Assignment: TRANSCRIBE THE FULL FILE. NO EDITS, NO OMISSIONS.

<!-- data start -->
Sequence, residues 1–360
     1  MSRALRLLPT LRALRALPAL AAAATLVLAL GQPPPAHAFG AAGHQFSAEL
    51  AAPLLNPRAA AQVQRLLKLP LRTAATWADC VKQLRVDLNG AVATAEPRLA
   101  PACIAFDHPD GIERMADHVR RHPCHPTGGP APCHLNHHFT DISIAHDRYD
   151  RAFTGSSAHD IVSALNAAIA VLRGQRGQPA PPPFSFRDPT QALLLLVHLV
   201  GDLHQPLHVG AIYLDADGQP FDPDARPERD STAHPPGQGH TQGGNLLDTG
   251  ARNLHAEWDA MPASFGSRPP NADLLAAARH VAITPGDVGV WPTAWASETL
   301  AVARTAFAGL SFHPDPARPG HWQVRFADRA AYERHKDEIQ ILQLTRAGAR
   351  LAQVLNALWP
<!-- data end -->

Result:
Sequence, residues 1–360
     1  MSRALRLLPT LRALRALPAL AAAATLVLAL GQPPPAHAFG AAGHQFSAEL
    51  AAPLLNPRAA AQVQRLLKLP LRTAATWADC VKQLRVDLNG AVATAEPRLA
   101  PACIAFDHPD GIERMADHVR RHPCHPTGGP APCHLNHHFT DISIAHDRYD
   151  RAFTGSSAHD IVSALNAAIA VLRGQRGQPA PPPFSFRDPT QALLLLVHLV
   201  GDLHQPLHVG AIYLDADGQP FDPDARPERD STAHPPGQGH TQGGNLLDTG
   251  ARNLHAEWDA MPASFGSRPP NADLLAAARH VAITPGDVGV WPTAWASETL
   301  AVARTAFAGL SFHPDPARPG HWQVRFADRA AYERHKDEIQ ILQLTRAGAR
   351  LAQVLNALWP